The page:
Ting (C.-ting) Wu
Department of Genetics
Harvard Medical School
New Research Building, Room 264
77 Avenue Louis Pasteur
Boston, MA 02115
Tel: (617) 432-4431 (office), -4432 (lab)
Fax: (617) 432-7663
Web Page: The Wu (Ting) Lab Page
1 postdoctoral fellow, 3 graduate students
Homology can have profound consequences for gene activity and chromosome behavior, and our interest in this area has led us to a number of topics. We are also the home for pgEd, which promotes conversations about personal genetics and its implications for society (http://pgEd.org). We work with Drosophila, mammalian, and nematode systems using genetics, molecular biology, biochemistry, cytology, chromosome painting, and bioinformatics.
Homologue pairing: Homolog pairing is critical for many homology effects and also for gene replacement strategies. We have developed a system for studying pairing in cell culture and are using it in a candidate gene approach as well as in a whole-genome RNAi-driven screen to look for genes that mediate and/or control pairing. Thus far, we have identified topoisomerase II. We are now embarking on analyses in human systems.
Transvection: Transvection encompasses surprising mechanisms of gene regulation that permit a gene to influence a homologous gene when the two are paired, in some cases causing enhancers to act in trans on a promoter lying on a separate chromosome. Using genetic, molecular biological, and cytological tools, we are elucidating this peculiar form of gene regulation, exploring the potential of pairing to exert its effect by altering gene conformation.
Chromosome segregation: We are determining whether sister chromatid segregation of one chromosome is random with respect to that of its homolog after mitotic recombination. This analysis extends a handful of studies in Drosophila and mice showing that such segregation can be nonrandom in some tissues. Our goal is to determine whether nonrandom patterns are tissue specific as well as identify the genes that control the nonrandom patterns.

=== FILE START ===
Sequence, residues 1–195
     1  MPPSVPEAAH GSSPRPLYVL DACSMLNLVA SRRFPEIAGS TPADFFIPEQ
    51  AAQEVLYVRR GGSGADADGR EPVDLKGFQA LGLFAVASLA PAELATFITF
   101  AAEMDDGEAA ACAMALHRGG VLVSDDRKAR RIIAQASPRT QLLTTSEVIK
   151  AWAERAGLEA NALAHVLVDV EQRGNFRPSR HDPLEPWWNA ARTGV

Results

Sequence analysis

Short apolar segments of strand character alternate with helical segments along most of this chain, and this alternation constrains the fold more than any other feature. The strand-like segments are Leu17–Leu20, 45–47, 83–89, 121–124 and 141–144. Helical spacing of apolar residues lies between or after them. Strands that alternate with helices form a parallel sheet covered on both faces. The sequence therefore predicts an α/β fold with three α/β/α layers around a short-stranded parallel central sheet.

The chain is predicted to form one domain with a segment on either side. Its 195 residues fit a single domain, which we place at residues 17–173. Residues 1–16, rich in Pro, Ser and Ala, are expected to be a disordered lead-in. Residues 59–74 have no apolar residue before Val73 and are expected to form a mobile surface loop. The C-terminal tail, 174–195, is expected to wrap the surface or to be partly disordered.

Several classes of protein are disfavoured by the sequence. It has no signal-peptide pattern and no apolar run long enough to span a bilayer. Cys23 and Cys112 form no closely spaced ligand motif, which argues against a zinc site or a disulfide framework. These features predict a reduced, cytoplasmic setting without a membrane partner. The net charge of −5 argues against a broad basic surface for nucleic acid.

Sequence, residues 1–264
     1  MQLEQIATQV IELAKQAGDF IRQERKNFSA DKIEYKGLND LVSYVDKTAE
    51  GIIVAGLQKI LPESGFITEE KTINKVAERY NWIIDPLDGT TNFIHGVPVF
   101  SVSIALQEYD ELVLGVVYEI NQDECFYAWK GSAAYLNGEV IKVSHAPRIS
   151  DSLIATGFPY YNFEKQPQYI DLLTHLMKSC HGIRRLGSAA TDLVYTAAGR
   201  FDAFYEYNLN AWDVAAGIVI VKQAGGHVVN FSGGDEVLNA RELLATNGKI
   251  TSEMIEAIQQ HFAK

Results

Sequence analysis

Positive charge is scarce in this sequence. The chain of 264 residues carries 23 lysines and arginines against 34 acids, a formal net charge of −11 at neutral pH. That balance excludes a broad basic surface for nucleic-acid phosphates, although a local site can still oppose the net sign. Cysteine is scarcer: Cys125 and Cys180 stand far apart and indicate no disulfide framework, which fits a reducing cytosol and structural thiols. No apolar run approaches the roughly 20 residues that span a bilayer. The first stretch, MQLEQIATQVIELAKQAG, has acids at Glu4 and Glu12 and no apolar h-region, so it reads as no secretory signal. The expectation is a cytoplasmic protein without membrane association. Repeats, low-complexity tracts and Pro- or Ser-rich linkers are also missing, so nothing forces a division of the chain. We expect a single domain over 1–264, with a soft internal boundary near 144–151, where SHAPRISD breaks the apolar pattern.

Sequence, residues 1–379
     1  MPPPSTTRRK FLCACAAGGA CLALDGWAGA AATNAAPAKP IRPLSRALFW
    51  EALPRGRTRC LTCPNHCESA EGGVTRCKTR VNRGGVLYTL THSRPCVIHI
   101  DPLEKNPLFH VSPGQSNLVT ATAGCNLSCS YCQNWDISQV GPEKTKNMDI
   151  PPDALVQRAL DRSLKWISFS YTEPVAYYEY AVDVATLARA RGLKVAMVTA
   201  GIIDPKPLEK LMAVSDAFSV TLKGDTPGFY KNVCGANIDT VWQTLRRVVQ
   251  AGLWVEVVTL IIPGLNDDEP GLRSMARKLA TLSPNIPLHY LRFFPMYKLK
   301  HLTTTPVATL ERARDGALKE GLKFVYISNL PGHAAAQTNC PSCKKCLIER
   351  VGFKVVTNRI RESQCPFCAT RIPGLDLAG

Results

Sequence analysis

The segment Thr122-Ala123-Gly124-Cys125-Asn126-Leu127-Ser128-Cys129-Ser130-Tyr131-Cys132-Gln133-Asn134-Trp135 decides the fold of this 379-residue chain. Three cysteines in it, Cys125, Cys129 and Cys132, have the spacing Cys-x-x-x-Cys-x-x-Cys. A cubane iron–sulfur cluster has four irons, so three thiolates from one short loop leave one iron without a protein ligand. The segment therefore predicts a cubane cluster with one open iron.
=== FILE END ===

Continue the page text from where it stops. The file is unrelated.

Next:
PcG genes: We have found that some genes of the PcG, which encode chromatin proteins, are important for pairing-associated phenotypes. Currently, our work focuses on Psc and Su(z)2, two adjacent PcG genes. We have identified functional domains within both the Psc and Su(z)2 proteins and are now conducting genetic, molecular biological, and biochemical analyses to more finely dissect these domains.
Ultraconserved elements: One striking outcome of genome analyses is the identification of ultraconserved elements (UCEs), which are essentially invariant among distantly related species. We have found that UCEs are depleted among human copy number variants. This finding suggests a model in which UCEs act as genomic copy counters, perhaps via pairing and sequence comparison of the maternal and paternal copies of each UCE.
X-inactivation: Our interest in homology effects has led us to a theoretical reconsideration of current models for mammalian X-inactivation, which is widely believed to involve a random choice between the maternal and paternal X chromosomes. In particular, we have proposed two alternative models. One suggests that choice is not random, while the other is consistent with random choice, but not one between two X chromosomes.
- Williams B.R., Bateman J.R., Novikov N.D., Wu C.-t. 2007. Disruption of topoisomerase II perturbs pairing in Drosophila cell culture. Genetics 177: 31-46.
- Chiang CWK, Derti A, Schwartz D, Chou MF, Hirschhorn JN, and Wu C-t. 2008. Ultraconserved elements: Analyses of dosage sensitivity, motifs, and boundaries. Genetics 180: 2277-93.
- Griffin R, Sustar A, Bonvin M, Binari R, et al. 2009. The twin spot generator technique for differential Drosophila lineage analysis. Nature Methods (in press).
- Emmons RB, Genetti H, Filandrinos S, Lokere J, and Wu C-t. 2009. Molecular genetic analysis of Su(z)2 identifies key functional domains. Genetics (in press).
BBS webpage updated 12/02/2009